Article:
Graphene Will Change Just about Everything Technological Advancement

Article excerpt

BYLINE: Keith Bryer

Technology has been under attack for years. It is no longer seen as the vanguard of progress, but as its nemesis. The fault is the general assault on free markets by intellectuals but the 21st century is already showing signs that they may need new arguments.

The reason new anti-technology thinking needs revision is a recent scientific and increasingly technological triumph that is set to change the way of, well, just about everything.

It's called graphene. It was discovered in 2004 by Andre Geim and Konstantin Novoselov, two scientists from Manchester University in England. It won them a Nobel prize in 2010.

How did they do it? They applied sticky tape to a block of graphite, pulling away a layer of graphene. Since then far easier and better ways of doing it have come along.

Outside the scientific community few know of graphene. It has truly remarkable properties. It is one atom thick. Despite this, it is the world's strongest material, harder than diamond and 100 times tougher than steel. It is also a better conductor of electricity than copper.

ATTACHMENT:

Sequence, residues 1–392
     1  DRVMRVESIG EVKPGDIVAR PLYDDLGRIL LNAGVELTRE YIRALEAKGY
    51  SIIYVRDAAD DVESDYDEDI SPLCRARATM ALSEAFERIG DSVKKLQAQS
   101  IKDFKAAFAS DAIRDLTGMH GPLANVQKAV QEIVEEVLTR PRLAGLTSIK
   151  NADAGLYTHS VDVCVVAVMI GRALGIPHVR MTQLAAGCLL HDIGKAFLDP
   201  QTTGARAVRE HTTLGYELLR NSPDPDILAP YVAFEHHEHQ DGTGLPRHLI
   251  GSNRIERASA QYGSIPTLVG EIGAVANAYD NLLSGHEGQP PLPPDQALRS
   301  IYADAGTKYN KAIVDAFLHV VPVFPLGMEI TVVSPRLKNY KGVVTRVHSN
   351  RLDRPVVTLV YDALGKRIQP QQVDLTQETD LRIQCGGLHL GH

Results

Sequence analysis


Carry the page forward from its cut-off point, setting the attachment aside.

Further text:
That's right. It's one atom thick - in effect two-dimensional - having length and width but no depth, so thin it is almost invisible. Strong as it is, graphene can stretch like rubber. It doesn't corrode. It's immune to acid and alkaline.

Graphene can be woven into a fine web rather like a super-fine sieve, and there are so many thousands of other potential uses for it that it boggles the mind.

Take uploading to or downloading from the internet. Huge amounts of data could take seconds. Your cellphone would also charge phenomenally fast.

Everything now constructed with carbon fibre will be thousands of times lighter and much, much stronger as well. Airplanes made with graphene would be lighter and more fuel efficient.

Pollution scares such as the leaks into the sea at Fukushima? No longer. Graphene is so fine it could scoop it all up.

Think of a water filter so finely constructed that it could sieve out salts. Then consider the ocean. We would never ever run out of clean water. We could even clean salt-damaged soil. …